MARA: With House of Cards, it was another series that we were basing it off of. I was told that it would be silly for me to watch that because we were making a totally different version of it. For this is I did because I was excited about it.  I heard how amazing it was and like Mike said, our characters are important to the story, but were not in it a massive amount. So I was curious to see what kind of information I would learn about my character from reading the book. There was a lot. There was a lot more in there about backstory and my relationship with each crew member. I used that, definitely. That helps form a character.

PEÑA: I don’t read source material very much. I remember we were doing Shooter, that’s where I started reading the book and it kind of messed me up a little bit. It gave me too many choices of what I could do. The tone was slightly different and the ideas that I got from the script were different from the ideas that I was getting from the book. I tried to mesh both and it didn’t work out.
Andy Weir

EMMA BROWN: I heard that you were hired as a programmer when you were 15.

ANDY WEIR: Yes, for Sandia Labs in Livermore. To be fair, I wasn’t actually hired to be a programmer; I was hired to be a lab assistant. They were hiring high school students from town. The lab I ended up at said, “We don’t really need a test tube cleaner, but we do need someone to figure out how to write a computer program to analyze data for us.” Nowadays, you would just take that data set, bring it into Excel, do a macro and you’d be done. Back then, none of that existed. They said, “We need you to learn how to program computers. There’s a computer, here’s a book on how to program computers, go do that.” I spent a few weeks figuring that out and then I came back and said, “I think I know how to do it.” That began a 25-year career in computer programming.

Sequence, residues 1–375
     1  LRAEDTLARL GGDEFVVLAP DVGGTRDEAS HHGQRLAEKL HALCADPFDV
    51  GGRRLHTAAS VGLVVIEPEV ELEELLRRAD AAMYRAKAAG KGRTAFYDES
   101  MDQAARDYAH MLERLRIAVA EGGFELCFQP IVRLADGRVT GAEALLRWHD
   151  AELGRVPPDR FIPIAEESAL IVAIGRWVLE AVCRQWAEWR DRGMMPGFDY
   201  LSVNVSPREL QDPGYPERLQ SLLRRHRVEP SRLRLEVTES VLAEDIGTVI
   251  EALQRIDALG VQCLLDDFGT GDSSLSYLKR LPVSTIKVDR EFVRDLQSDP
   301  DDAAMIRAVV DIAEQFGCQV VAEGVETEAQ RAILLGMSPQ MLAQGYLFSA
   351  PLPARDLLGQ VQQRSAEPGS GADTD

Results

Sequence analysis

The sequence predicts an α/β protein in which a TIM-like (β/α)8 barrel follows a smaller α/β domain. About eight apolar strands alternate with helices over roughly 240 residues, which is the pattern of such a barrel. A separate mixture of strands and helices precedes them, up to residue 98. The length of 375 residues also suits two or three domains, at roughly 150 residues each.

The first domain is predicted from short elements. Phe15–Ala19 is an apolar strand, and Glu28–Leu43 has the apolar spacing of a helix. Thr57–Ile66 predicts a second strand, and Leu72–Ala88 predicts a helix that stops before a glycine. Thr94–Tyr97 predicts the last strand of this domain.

BROWN: Were you interested in computers before then?

WEIR: Yeah. I’m a science dork and a nerd. It turned out to be something I really enjoyed. When people tell stories about how they got into their careers it always makes it sound like, “Oh, the world conspired to bring you into this.” I did all sorts of stuff when I was young, I liked playing music, I had all sorts of interests. Computers were one of them and that ended up being a really good career to have right at that time.

BROWN: When did you start working full-time?

WEIR: I would do it part-time while I was in high school and full-time over the summers. But probably not until I was 22, when I finished college.

BROWN: Do you have a degree in computer science?

WEIR: I do not. I ran out of money, so I couldn’t finish college. When I left college it was about 1994, programmers were in huge, heavy demand. They didn’t care if you had a degree or not. I could either go deeply into debt and finish college, or I could go get a job and people would pay me. So that’s what I did. I kind of regret not finishing what I started. It never impacted my career. Only the first couple of jobs ever cared; beyond that everyone cared about experience.

BROWN: When you started writing The Martian, did you ever consider sending it to a publisher?

WEIR: No. I started writing this around 2009 and it took me about three years. I was posting it to my website. I never considered sending it a publisher because earlier in life, I tried to break into being a novelist and I got slapped down so hard I gave up on it. In my late 20s, I got laid off from AOL and I had a bunch of money from a good severance package and a bunch of stock options. I was like, “I’ve got enough money to take a few years off and not work at all. I’ll take my shot, I’m going to become a writer.” I wrote a book—it was not The Martian, it was a previous effort—and I couldn’t get an agent, I couldn’t get a publisher. It’s sort of the standard tale of woe that you hear from every author. I figured, “I tried. Now I’m going to go back into computer programming,” which wasn’t a huge defeat for me because I really like computer programming. Then I just started writing as a hobby. By the time I wrote The Martian, for me writing was firmly a hobby.

BROWN: Did you get good feedback when you posted new chapters of The Martian on your website?